In the present work, a correlation analysis between the variations in the cloud-top brightness temperature and TC size were carried out. Based on the spatial resolution of the satellite, which is roughly 8 km [38], the mean brightness temperature of an annulus 16 km from the center of the TC was set as a study object; 20 concentric annuli were set separately as the variables T1, T2, …, T20. Figure 1 shows a schematic diagram for the definition of concentric annuli.

The absolute difference in the mean brightness temperature between two adjacent annuli were set as variables TD2, TD3 …, TD20, where, beginning from the second ring, TD2 is the absolute value of T2–T1; and all subsequent values were determined in the same way. This reflects the variance in the brightness temperature profile of a TC. The calculated correlation coefficient between the intensity of a TC (Vm) and the size of a TC is 0.64. The number of samples considered in this analysis is 16,548, covering the time period between 2001 and 2009. Hence, Vm was set as the 40th variable, in addition to the 39 variables of T1,…, T20 and TD2,…, TD20.

Figure 2 is a scatter diagram showing the correlation between the size of TCs and 39 (excluded Vm) variables obtained from five satellite series. For the same channel observation, the brightness temperature varies slightly with each satellite. In Figure 2 the correlation coefficients between the size of the TCs and the brightness temperature obtained using data from different satellites are different. However, the variation trends are similar along the distance of the annulus from the inner to the outer region of the TC.

The solid lines in Figure 2 represent the variation in the correlation between the size of the TC and T1, T2,…, T20. There is nearly a positive correlation in the annuli within 64 km from the center of the TC. It suggests that in the inner core region (defined as an annulus of 40–50 km beyond the radius of the maximum winds) [41], a lower temperature in the TC cloud results in a stronger and larger TC, and vice versa. The largest correlation coefficient between the first annulus and the size of the TC was found forthe GMS series satellite data (correlation coefficient 0.42). The correlation was weakest at the boundary of the TC inner and outer region, about 48–80 km from the TC center, where the brightness temperature is not so related to TC size. The negative correlation becomes larger beyond 96 km from the TC center. The largest value (−0.48) occurs between 256 and 288 km from the center of the TC. Again, the result is obtained from the MET series satellite data. It appears that, in the outer region of the TC (1°–2.5° radii from the TC center) [42,43], the profile of the brightness temperature and its difference reflected an anomaly in the distribution of convection. The TC circulation field was larger at greater distances from the center of the TC and the TC was weaker and smaller in size. This result agrees approximately with previously reported studies [13,14,44,45,46,47,48].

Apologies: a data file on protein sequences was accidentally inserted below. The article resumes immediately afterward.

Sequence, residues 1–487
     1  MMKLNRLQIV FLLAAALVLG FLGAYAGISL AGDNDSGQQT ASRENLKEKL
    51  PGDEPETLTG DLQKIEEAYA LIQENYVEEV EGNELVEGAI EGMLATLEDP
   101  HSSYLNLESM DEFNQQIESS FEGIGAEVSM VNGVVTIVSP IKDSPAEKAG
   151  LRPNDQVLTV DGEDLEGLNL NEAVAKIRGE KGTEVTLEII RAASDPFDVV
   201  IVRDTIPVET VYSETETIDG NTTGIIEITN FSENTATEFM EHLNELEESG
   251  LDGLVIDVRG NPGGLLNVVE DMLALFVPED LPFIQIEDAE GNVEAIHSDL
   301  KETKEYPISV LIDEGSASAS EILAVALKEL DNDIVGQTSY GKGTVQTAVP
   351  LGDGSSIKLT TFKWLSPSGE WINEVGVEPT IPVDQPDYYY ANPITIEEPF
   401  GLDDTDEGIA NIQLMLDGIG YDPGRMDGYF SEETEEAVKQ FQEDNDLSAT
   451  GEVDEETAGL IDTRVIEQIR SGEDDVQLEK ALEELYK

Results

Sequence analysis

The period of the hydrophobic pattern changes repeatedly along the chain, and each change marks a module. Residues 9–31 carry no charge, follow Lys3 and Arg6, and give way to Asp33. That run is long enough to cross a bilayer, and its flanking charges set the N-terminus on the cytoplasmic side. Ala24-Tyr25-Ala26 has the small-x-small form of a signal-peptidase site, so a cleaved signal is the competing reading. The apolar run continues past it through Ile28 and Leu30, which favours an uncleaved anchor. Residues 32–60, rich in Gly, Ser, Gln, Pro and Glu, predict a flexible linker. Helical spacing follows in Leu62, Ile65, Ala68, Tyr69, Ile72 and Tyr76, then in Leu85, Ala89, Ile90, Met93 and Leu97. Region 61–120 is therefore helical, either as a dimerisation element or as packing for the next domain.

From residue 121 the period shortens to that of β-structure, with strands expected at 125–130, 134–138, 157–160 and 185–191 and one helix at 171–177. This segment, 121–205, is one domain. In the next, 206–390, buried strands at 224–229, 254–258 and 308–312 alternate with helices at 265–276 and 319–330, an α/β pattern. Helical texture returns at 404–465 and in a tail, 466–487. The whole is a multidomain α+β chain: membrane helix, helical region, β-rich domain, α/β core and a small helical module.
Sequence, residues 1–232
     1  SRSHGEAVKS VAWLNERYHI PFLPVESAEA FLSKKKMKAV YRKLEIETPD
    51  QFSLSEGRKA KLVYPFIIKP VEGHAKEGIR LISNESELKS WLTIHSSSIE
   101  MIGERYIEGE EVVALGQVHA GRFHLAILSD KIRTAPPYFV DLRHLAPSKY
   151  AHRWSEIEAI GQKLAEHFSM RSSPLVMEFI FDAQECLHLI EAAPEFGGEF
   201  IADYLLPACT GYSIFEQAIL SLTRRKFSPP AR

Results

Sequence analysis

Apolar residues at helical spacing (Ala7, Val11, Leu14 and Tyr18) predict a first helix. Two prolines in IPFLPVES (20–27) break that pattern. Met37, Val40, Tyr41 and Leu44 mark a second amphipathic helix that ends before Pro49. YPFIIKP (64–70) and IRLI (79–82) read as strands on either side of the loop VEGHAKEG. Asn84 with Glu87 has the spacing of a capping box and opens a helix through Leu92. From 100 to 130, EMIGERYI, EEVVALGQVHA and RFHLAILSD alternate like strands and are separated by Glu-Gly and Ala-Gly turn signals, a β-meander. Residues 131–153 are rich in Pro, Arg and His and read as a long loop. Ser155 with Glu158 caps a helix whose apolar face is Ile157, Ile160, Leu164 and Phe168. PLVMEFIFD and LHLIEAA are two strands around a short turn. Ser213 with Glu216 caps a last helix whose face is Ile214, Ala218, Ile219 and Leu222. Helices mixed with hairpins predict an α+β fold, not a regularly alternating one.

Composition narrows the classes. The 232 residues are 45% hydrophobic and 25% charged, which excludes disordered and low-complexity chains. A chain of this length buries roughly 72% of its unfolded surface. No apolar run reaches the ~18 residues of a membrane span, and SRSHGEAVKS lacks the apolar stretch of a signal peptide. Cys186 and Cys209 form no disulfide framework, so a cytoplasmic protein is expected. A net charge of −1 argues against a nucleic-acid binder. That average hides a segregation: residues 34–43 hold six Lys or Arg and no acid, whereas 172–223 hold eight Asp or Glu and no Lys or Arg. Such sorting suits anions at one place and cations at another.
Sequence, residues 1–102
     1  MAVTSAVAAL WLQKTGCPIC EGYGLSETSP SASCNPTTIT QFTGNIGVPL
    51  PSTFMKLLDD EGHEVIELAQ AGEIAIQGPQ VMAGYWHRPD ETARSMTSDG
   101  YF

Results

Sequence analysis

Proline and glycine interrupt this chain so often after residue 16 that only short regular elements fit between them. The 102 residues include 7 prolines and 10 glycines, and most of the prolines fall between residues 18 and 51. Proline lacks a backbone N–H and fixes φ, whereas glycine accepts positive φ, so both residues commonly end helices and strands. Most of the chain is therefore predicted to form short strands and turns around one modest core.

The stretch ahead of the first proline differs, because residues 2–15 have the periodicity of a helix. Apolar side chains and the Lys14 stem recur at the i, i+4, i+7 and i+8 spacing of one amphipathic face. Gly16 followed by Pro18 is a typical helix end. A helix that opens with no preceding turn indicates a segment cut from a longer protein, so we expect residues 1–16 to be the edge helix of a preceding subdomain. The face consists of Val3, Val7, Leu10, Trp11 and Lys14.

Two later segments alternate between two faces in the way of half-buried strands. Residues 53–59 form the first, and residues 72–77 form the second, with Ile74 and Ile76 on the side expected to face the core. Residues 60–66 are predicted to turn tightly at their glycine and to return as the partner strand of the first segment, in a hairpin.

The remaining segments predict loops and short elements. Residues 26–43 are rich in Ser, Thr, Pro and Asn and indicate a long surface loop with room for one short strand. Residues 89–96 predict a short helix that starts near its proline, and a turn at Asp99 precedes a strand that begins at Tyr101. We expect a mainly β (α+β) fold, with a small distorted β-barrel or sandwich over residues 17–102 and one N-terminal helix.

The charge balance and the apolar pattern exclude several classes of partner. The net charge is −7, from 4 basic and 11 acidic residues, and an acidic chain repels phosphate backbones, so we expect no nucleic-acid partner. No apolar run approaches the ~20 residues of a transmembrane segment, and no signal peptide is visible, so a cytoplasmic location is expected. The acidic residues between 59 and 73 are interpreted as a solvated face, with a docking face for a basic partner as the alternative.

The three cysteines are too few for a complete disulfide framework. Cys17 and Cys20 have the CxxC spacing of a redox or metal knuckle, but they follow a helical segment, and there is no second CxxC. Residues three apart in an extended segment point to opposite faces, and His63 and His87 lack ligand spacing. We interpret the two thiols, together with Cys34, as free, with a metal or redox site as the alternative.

There are the similar correlation performances for the correlation between the size of the TC and TD2, TD3,…, TD20, represented by the dotted lines in Figure 2. In the inner core region a larger variation in the temperature of the TC cloud resulted in a stronger and larger TC, and the reverse was also true. The correlation coefficient between TD2 and TC size was largest using the GOES series satellite data (correlation coefficient 0.40). The correlation was the weakest between 64 and 96 km from the TC center. The negative correlation increases beyond 64 km and the largest value is near 160 km, −0.29, which was obtained from the MET series satellite data. The correlation relationship weakens again at greater distances from the TC center.

Data samples covering the time periods required to modify the TC size estimation model and to carry out independent validation are determined according to the operational periods of the satellites (Table 1). For samples where the satellite coverage period is greater than nine years, the samples for the first six years are chosen to build the model and the independent samples in the remaining three years are used for validation. For those samples where the coverage period is less than five years, the samples in the last year are used to verify the model and all the other samples are used to build the model.